A lot has been written about the Conservative leadership race. But, so far, the contest for the leadership of the NDP has generated little comment -- mainly because, until recently, nobody wanted the job. But now that Peter Julian, Charlie Angus and Guy Caron have put in their applications, attention will tip toward the Dippers.
But, Tom Walkom writes, interest in the party's future does not mean that it will turn to the left. The Leap Manifesto was an attempt to steer the party in that direction. However,
the brief excitement over the so-called LEAP Manifesto — a clarion call to fight climate change — seems to have ebbed.
With the exception of British Columbia MP Peter Julian, who explicitly opposes all pipeline projects aimed at moving bitumen from Alberta’s oilsands, the leadership candidates have been eloquently vague on the topic of climate change.Angus, an MP from Northern Ontario, says Canada must move toward a green economy and away from fossil fuels. But he also says this must be done in way that doesn’t penalize workers in the energy sector — which is the position of Alberta NDP Premier Rachel Notley, Mulcair and Liberal Prime Minister Justin Trudeau.Julian and Quebec MP Caron favour a fairer tax system. But they are vague on how they would accomplish that.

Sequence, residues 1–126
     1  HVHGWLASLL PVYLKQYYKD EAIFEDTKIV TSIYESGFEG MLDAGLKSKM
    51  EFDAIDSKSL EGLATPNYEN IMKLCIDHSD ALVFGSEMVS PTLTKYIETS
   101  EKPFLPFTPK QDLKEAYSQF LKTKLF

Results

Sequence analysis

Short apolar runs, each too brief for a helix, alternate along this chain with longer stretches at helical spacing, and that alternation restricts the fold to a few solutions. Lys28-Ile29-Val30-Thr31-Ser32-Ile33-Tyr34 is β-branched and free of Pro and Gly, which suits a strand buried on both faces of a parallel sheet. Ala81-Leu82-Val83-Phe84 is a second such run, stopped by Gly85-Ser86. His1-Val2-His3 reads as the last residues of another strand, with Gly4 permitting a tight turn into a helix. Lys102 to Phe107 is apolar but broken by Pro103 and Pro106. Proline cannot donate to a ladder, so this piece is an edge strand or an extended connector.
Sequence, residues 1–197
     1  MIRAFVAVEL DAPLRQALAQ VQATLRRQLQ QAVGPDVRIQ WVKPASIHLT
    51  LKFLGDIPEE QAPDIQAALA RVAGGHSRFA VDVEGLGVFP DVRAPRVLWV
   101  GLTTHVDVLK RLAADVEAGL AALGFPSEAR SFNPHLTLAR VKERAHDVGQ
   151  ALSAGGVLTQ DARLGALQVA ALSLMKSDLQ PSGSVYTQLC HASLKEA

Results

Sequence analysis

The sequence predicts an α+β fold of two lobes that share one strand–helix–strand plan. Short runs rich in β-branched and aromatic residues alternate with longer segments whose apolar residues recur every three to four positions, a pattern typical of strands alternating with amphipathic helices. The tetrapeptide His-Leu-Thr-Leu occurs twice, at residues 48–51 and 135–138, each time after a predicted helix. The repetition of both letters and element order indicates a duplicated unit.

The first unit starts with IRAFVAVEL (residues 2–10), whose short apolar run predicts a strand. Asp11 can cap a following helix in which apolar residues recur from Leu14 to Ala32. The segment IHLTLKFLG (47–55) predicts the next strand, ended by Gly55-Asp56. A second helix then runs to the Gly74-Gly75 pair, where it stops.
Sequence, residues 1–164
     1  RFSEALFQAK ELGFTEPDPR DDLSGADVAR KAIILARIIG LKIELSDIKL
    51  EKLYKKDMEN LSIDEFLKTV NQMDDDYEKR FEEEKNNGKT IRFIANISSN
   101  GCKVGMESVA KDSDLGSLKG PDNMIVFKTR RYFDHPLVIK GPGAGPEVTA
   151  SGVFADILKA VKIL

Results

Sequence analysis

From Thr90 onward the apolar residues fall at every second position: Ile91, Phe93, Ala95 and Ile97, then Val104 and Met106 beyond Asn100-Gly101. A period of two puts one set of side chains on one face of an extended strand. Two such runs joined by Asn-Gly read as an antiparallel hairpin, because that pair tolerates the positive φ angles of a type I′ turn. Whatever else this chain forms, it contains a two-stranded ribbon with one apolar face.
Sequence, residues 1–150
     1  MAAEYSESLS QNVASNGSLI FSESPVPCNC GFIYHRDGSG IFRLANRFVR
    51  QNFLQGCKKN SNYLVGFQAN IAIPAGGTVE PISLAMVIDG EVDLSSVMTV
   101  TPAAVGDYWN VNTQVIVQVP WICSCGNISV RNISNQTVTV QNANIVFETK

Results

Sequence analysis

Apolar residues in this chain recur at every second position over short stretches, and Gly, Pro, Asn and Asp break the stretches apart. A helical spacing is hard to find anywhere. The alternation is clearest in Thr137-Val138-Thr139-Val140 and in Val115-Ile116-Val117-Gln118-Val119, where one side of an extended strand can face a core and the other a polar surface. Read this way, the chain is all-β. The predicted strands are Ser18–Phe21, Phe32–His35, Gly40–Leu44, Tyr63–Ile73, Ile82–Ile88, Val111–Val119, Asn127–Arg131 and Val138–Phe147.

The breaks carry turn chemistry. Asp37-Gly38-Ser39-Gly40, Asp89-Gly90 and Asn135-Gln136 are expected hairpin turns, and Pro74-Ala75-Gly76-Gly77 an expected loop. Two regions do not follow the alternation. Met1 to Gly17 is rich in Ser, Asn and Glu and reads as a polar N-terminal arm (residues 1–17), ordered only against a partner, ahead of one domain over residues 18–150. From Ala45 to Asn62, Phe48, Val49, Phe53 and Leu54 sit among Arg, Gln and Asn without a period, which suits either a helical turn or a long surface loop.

Angus has said he wants to find out what New Democrats are thinking before he comes up with specific policy pronouncements on taxes or anything else.
The fixation with taxes indicates that the party -- like Canada's two other major parties -- is still firmly in the grip of Neo-liberalism. And when it comes to free trade and deficits:
Free trade? The NDP used to be against it. But the party has watered down its opposition. Under Mulcair, it actively embraced a free-trade pact with South Korea.In this leadership race, the candidates to date have taken carefully ambiguous positions on trade and investment deals. Julian wants “fair trade,” a term used by both the Canadian labour movement and U.S. President Donald Trump. Caron says he wants “trade deals that work for Canada.”Deficits? Mulcair was hammered from within his own party for vowing during the last election campaign to balance the budget no matter what, thereby allowing Trudeau to outflank the NDP from the left.
But the NDP’s official policy, like that of the Conservatives, is to balance the books over the length of any boom and bust business cycle — by running deficits in lean years and surpluses in fat ones.
It appears that all three parties are offering the same menu. The only differences deal with the way they spice up the meal.